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The catastrophic battles of the Clone Wars are in their final stages as the crumbling Republic--supported by the ever-vigilant Jedi Knights--fight against the Separatist Alliance lead by a particularly nasty half-droid half-alien named General Grievous. Jedi überheroes Obi-Wan Kenobi (Ewan McGregor) and Anakin Skywalker (Hayden Christensen) are sent to kill General Grievous and end the war but it isn't easy. Meanwhile Yoda Mace Windu (Samuel L. Jackson) and the other Jedi Council members fear for the state of the Republic under the guidance of the nebulously sinister Chancellor Palpatine (Ian McDiarmid). I know what you're thinking "Yeah yeah just tell us how Anakin goes bad." Poor Annie. He still has some serious anger issues which now revolve around his adoring young wife Padme (Natalie Portman) and their unborn child (or children in this case). He thinks he foresees Padme's death and will do anything to keep her safe including listening to Palpatine malevolently whisper promises of immortality and the power of the Dark Side into his ear. Not the best thing for this volatile fellow. Yes Darth Vader will soon emerge and the inevitable duel between the good and the Dark Side is at hand. Get your lightsabers ready.
Happily all the main actors--save for perhaps Natalie Portman as the ineffectual Padme--get a lot more to chew on in this final installment. Christensen is thankfully done being the whining teenager from Attack of the Clones and turns into a brooding conflicted pre-Vader who can't control his anger. Of course he overdoes it a bit with the scowling and evil cold stares but that's OK. It's what the part requires. The love story between Christensen and Portman however is still kind of painful to watch. The two actors look more than a little embarrassed professing their love for one another ("I'm so much in love with you" "No I'm so much in love with YOU!"). And besides bringing back the infamous Leia "cinnamon bun" look Portman isn't given a darn thing to do but fret and pace and rub her pregnant belly praying Anakin will be all right. You'd think after wielding a gun in The Phantom Menace she'd get to do more fighting. Oh well. On the flip side McGregor Jackson and even McDiarmid all get to kick some serious butt in Revenge of the Sith each with their own action-packed fight sequences. Jackson just seems happy to be swinging a lightsaber around. McGregor with the full beard and biting commentary does a nice job setting the stage for the elderly Ben Kenobi to come. And McDiarmid a veteran British stage thesp finally gets his chance to shine as the malicious Palpatine as we see his own transformation into the ultimate evil being he becomes.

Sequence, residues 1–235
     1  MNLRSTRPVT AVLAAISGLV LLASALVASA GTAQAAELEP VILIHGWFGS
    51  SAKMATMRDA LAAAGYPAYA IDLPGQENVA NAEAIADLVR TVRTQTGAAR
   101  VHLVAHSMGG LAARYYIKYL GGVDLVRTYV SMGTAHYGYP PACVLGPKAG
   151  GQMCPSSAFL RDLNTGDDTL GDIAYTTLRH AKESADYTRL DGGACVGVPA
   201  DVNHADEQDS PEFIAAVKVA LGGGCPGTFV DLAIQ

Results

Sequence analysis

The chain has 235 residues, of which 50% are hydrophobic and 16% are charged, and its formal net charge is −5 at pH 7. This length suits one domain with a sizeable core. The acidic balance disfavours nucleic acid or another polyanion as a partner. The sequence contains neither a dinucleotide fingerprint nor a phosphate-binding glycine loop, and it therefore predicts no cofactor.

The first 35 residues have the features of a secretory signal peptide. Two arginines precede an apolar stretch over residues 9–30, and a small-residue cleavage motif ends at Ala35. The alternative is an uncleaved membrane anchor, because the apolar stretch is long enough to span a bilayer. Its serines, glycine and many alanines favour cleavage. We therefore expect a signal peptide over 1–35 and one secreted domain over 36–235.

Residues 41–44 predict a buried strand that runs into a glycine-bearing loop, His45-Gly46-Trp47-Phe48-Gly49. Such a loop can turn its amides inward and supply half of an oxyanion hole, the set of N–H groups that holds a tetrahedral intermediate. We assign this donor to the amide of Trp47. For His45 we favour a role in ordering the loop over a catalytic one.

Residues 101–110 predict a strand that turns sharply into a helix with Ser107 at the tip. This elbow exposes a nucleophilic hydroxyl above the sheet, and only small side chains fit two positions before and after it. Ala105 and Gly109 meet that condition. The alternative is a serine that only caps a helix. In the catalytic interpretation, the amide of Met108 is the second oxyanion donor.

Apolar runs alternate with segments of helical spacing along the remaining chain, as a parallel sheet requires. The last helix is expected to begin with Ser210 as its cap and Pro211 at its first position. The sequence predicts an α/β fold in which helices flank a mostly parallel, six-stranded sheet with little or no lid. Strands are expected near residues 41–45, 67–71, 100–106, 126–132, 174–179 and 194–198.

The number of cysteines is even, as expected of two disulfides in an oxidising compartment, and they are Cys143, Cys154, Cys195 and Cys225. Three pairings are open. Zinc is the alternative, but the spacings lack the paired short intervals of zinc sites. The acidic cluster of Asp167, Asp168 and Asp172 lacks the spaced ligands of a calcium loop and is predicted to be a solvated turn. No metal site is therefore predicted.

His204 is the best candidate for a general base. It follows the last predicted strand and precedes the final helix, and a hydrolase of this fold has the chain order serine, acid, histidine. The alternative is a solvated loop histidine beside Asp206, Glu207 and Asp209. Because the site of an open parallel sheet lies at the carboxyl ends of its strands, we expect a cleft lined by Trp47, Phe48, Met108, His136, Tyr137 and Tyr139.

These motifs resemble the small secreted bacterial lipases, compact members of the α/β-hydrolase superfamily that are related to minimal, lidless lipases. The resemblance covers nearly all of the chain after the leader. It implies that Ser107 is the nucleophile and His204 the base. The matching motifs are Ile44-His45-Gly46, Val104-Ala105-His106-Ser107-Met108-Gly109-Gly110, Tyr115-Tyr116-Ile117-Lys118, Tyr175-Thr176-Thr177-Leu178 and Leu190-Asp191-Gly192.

Oh George what are you going to do now that it's all over? Of course Lucas has said he is going to redo all the six Star Wars episodes in 3-D as well as produce a TV series which follows the events after Return of the Jedi. Then there's the fourth Indiana Jones movie to look forward to. But Lucas will probably hole back up at his Skywalker Ranch in northern California and dream up even better ways to generate special effects for the big screen. That's what he does best. He truly is an amazing genius at creating visuals and Revenge of the Sith is no exception. From the battle between General Grievous and Obi-Wan to Yoda's clash with Darth Sidious to Obi-Wan's climactic duel with Anakin Sith is simply riveting. The only difficulty Lucas has ever had is with the human element. I'll admit I'm one of those die-hard fans of the original trilogy who had a problem with the lack of an emotional core in the prequels. After writing and directing the first Star Wars (or Episode IV for those counting) Lucas understood then that maybe he wasn't the best choice to write the next two handing the chores off to screenwriter Lawrence Kasdan. It worked. Big time. Yet with all three prequels (that's Episodes I-III) Lucas did it all himself and his obvious shortcomings are evident. But hey does it really matter how connected you feel to the characters when you've got the Force Jedi Knights evil Darths an ass-kicking little green guy clone armies droid armies Wookiee armies (yeah that's a lot of fur) and an ultimate turn towards the Dark Side? No. But it helps.